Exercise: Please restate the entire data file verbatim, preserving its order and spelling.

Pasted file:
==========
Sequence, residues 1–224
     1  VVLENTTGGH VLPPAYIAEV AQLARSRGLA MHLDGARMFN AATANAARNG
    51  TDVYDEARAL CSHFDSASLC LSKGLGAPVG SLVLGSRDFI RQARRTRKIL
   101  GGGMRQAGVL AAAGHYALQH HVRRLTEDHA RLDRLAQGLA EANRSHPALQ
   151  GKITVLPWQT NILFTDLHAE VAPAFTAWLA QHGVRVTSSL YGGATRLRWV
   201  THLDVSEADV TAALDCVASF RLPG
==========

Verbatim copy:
Sequence, residues 1–224
     1  VVLENTTGGH VLPPAYIAEV AQLARSRGLA MHLDGARMFN AATANAARNG
    51  TDVYDEARAL CSHFDSASLC LSKGLGAPVG SLVLGSRDFI RQARRTRKIL
   101  GGGMRQAGVL AAAGHYALQH HVRRLTEDHA RLDRLAQGLA EANRSHPALQ
   151  GKITVLPWQT NILFTDLHAE VAPAFTAWLA QHGVRVTSSL YGGATRLRWV
   201  THLDVSEADV TAALDCVASF RLPG